and 5 main points in terms of organizational change theories and concepts discussed in the
Chapters 7 and 8. The project not presented will be graded with zero.
There will be 1 point penalty for each day of late submission. The report will be at most
10 pages (excluding the cover page, references, and appendix) to be typed in MSWord, doublespaced, and in 12-point Times New Roman font, with the name, surname, and student number of
the group members and the report name on the cover page. References (AOM or APA style, see
my blog) should be provided in an appropriate format if used. Set all page margins to 1 inch (or
2.5 cm). All the group members will get the group mark. If the group will have a different
allocation, the students should inform the instructor about this within one week at the latest after
the submission date.
Civility is a requirement. Developing and maintaining a course environment conducive to
learning is the responsibility of the students as much as the instructor. Some important points are:
Be in class on time. Do not be late. You may not be let in after the instructor.
Turn your cellular phones off or on the silent mode.
Turn your laptops off unless you use them to take notes for the course.
Avoid engaging in side conversations that might disrupt the class.
Use an impersonal professional language in discussions.
The students who might need special arrangements to meet the course requirements
can consult the instructor and the website http://engelsiz.metu.edu.tr.
Course grades will be assigned according to the table below reproduced from the Article
24 of the academic rules and regulations for undergraduate studies.
Course Grade
49 and below
METU academic code of ethics
One of the basic principles of Middle East Technical University is to develop and
humanitarian and moral values of its students for the good of society. Within this context, the
students of METU are expected to adopt the following ethical values, and behave according to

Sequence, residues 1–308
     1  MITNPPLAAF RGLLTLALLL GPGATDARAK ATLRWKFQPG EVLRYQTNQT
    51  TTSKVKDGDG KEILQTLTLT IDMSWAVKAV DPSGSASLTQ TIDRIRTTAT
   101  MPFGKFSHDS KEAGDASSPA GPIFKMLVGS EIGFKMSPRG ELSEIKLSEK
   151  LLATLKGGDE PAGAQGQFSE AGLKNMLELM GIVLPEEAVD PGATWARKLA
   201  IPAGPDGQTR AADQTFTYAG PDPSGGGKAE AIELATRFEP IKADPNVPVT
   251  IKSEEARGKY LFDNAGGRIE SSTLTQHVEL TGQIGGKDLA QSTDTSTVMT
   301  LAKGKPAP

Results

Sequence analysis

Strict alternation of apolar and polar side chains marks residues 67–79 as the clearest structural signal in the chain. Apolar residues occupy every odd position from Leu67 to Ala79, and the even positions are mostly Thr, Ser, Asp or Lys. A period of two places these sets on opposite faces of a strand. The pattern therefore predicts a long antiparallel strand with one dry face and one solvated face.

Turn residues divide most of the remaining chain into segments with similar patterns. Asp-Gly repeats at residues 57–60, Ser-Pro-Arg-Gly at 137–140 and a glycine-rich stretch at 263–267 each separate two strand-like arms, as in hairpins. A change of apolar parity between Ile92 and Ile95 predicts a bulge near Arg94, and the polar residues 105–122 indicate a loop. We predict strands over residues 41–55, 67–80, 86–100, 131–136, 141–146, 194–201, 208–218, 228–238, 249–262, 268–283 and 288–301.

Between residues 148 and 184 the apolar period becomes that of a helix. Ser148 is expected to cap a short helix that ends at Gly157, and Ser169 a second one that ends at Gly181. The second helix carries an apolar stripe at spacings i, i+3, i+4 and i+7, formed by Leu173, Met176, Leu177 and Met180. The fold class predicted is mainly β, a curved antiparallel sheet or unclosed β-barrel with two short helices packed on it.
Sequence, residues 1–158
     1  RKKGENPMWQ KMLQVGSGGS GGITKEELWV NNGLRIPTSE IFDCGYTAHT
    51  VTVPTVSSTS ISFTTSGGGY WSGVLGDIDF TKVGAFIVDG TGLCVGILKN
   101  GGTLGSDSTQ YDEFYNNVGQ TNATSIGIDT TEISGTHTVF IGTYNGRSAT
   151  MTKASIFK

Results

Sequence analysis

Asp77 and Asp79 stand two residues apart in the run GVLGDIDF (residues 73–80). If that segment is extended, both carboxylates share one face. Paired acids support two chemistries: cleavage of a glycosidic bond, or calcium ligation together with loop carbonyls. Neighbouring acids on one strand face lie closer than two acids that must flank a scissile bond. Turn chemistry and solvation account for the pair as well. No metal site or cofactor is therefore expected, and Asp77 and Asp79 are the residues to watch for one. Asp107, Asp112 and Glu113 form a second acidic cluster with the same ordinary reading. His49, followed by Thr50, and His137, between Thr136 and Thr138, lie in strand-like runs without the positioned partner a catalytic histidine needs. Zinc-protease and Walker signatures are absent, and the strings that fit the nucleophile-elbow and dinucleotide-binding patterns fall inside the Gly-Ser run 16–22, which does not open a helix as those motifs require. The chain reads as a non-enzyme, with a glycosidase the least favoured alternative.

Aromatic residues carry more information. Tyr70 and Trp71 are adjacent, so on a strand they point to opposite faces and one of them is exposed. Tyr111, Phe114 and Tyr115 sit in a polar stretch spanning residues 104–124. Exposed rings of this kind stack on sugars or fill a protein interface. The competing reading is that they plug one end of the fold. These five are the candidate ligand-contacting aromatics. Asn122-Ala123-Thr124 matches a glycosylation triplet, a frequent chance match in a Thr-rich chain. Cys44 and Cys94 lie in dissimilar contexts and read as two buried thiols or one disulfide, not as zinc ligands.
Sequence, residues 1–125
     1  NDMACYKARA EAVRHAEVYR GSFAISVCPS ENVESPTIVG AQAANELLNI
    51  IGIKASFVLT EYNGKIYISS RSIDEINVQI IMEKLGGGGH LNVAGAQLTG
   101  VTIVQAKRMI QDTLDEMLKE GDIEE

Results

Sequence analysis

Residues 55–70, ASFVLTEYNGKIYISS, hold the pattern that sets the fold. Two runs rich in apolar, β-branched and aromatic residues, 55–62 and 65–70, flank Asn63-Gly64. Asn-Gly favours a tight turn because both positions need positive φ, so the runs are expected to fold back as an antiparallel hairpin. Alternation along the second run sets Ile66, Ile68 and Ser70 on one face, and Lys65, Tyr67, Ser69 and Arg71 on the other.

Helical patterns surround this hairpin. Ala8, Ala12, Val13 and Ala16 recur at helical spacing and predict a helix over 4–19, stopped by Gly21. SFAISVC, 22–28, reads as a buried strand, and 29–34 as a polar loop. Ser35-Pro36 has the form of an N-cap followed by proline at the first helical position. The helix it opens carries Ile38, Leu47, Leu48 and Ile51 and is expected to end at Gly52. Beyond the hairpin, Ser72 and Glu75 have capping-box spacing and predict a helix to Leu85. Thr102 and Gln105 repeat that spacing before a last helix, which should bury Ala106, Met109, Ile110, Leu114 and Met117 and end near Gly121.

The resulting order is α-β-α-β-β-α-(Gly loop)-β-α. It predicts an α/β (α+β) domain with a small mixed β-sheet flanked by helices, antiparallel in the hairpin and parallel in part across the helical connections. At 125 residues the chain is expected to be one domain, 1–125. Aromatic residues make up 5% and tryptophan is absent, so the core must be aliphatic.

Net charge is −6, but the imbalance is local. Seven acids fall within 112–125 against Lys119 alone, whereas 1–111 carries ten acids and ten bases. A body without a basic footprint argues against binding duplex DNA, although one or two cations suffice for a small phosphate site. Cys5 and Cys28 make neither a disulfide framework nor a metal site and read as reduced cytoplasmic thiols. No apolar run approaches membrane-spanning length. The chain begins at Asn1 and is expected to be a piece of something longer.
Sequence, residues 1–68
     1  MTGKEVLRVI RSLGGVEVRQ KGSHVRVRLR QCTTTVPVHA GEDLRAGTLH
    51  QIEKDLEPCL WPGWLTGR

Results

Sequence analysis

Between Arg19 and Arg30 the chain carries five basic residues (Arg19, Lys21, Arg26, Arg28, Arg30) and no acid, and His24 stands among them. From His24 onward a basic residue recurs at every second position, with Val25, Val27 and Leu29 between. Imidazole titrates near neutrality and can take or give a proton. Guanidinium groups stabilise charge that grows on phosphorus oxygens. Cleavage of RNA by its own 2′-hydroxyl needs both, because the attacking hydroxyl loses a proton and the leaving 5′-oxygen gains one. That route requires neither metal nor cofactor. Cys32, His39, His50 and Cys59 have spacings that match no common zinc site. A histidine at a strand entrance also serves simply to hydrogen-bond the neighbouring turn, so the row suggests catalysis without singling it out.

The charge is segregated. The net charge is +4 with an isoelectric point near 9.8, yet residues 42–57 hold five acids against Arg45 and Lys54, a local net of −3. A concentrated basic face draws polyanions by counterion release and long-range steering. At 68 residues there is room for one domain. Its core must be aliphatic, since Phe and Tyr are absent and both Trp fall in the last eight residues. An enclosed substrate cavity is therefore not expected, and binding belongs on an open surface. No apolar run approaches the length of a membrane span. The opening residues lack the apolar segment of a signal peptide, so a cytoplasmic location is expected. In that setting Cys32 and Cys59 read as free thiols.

these principles:
1) Students must do all the work on their own.
2) Students must not cheat or help others to do so.

3) Students must not deceive the academic staff or help others to do so.
Academic dishonesty includes, but is not limited to the following:
1) Cheating
2) Deception
3) Plagiarism
Violations of the academic code of ethics may result in disciplinary actions, ranging
between a Warning and Dismissal from the university.
Academic regulations
See the regulations for undergraduate studies at:
Tentative schedule
Week 1:
Stories of change
Week 2:
Images of managing change
Case study: Green Mountain Resort
Week 3:
Why organizations change
Case study: Intel
Week 4:
What changes in organizations
Case study: Nestle
Week 5:
Diagnosis for change
Case study: Boeing
Week 6:
Resistance to change
Case study: Perrier
Week 7:
Implementing change-1
Week 8:
Case study: DuPont
Implementing change-2
Week 9:
Case study: British Airways
Linking vision and change
Week 10:
Case study: Mentor Graphics
Strategies for communicating change
Case study: Cheryl Ways and Agilent Technology
Week 11:
Skills for communicating change
Case study: Tyco
Sustaining change
Case study: Challenger and Columbia
Week 12:
NO CLASS: Free time for the project study
Week 13:
Project presentations
Project presentations